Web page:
Saturday, January 3, 2015

Favorite Braves List - Closer

(Previous information on this series can be found here. Of importance, this is not a best list, but a favorites list since I started to follow the Braves. That limits options from 1991-to-now.)

Favorite Braves List (so far)
Ace Starter - Greg Maddux
#2 Starter - John Smoltz
#3 Starter - Tim Hudson
#4 Starter - Tom Glavine

Catcher - Brian McCann
First Base - Fred McGriff
Second Base - Marcus Giles
Shortstop - Andrelton Simmons
Third Base - Chipper Jones 
Left Field - Ryan Klesko
Center Field - Andruw Jones

Honorable Mention: Hard not to mention what Mark Wohlers did for the Braves. Even if reading his twitter account is like delving into the mind of a nut-job who overcompensates with his love for guns, he got the final out in 1995 and that alone deserves a mention. Kerry Ligtenberg was one of my favorites, too. His pitching was almost as awesome as his facial hair. Mike Gonzalez was insanely frustrating, but when he was on, he was a joy to watch.

Favorite Braves List - Closer
Craig Kimbrel

I'm a dork.

I can admit that so I have that going for me. If you have been a reader of this blog, you didn't need to be told about it, though. You already are well aware that I'm just a dork. And one thing that gets my dorkometer going is ridiculous numbers that you expect out of a video game on rookie level. Guys like Kimbrel provide that. Last season, Fangraphs re-classified Kimbrel's secondary pitch as a knuckle-curve. They used to call a slider. Neither are correct. Kimbrel's spiked curveball, or power curve, is downright ridiculous. He threw 287 of them last year. Hitters made contact on less than half of them. Of that half they didn't make contact on, almost a quarter of his spiked curve's were swung through. The spiked curveball resulted in 45 strikeouts. Only nine times in 297 usages of the pitch did the hitter reach safely via a hit. Just one resulted in a homer. For a dork like me, I feel like I'm cheating on my wife by looking at these numbers. Don't judge me.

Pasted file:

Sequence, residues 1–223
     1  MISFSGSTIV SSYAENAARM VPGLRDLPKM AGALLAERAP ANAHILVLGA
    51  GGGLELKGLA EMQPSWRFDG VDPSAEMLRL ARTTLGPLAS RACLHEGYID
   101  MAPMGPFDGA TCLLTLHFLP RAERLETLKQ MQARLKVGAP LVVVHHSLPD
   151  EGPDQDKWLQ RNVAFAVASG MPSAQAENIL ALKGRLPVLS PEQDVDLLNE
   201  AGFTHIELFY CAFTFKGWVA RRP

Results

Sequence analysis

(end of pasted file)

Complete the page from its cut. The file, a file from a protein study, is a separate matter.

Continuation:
For the last four seasons, Kimbrel has not only dominated the National League (he has led the league in saves in each season), but he has been remarkably durable. He has saved nearly 50 more than the second place guy, pitched in the eleventh most games, and logged the 8th most relief innings. His ERA despite arguably been overused? 1.51. Oh, that's the top in the league for that time frame. If you add his 21 games of work as a middle reliever during the 2010 season, he has a 1.43 ERA in 289 career innings. Of pitchers with 250 or more innings in the long history of baseball, only three players have an ERA under 2.00. Ed Walsh (1.82) and Addie Joss (1.89) join Kimbrel with that elite honor. Granted, they did it in over 2300 innings each, but they also had the spitball. So, even-Stevens?

The most amazing thing about Kimbrel is that while his stuff was never questioned, there was significant questions about whether or not he would find the strikezone enough to be an effective major league pitcher. You're talking about a guy who walked 5.6 per nine innings in the minor leagues. A comparable pitcher to what we thought Kimbrel was limited to was John Axford, a fine righty who has logged 116 saves since 2010, but a guy whose control has limited his effectiveness. You could reasonably have assumed that was Kimbrel's future when he came to the majors. Instead, he has showed unfair control, dropping his only weakness in favor of a walk rate of just 3.36 BB/9 with a low of 2.01.

Another crazy thing is that Kimbrel hasn't been as good the last two seasons as he was in 2012, when he struck out half of all batters he faced. While fangraphs doesn't chart K% that far back, only Aroldis Chapman last year has been able to replicate a percentage of 50% or better. Kimbrel only walked about 6% that year, leaving him with a difference of 44% between the two percentages. Only Chapman eclipses 40%. Kimbrel's FIP that year of 0.78 is eight points lower than the second best season. That season allowed Eric Gagne to win a Cy Young. Kimbrel finished fifth. I'm not a proponent of giving relievers the Cy Young, but damn, if you are going to do it, Kimbrel's 2012 was deserving. Just because there was a feel-good story of a knuckleballer in New York doesn't trump that Kimbrel was super awesome.

Of course, a Kimbrel appreciation article is incomplete without mentioning his pre-pitch stance. It's been called Kimbreling (I guess since wikipedia says so). It's been hilariously mocked. It only adds to the aura of Kimbrel, a guy with filthy stuff that despite being a luxury on a team likely going through a down period, is considered untouchable. He's one of a kind and a worthy addition to the Walk-Off Walk Favorite Braves squad.

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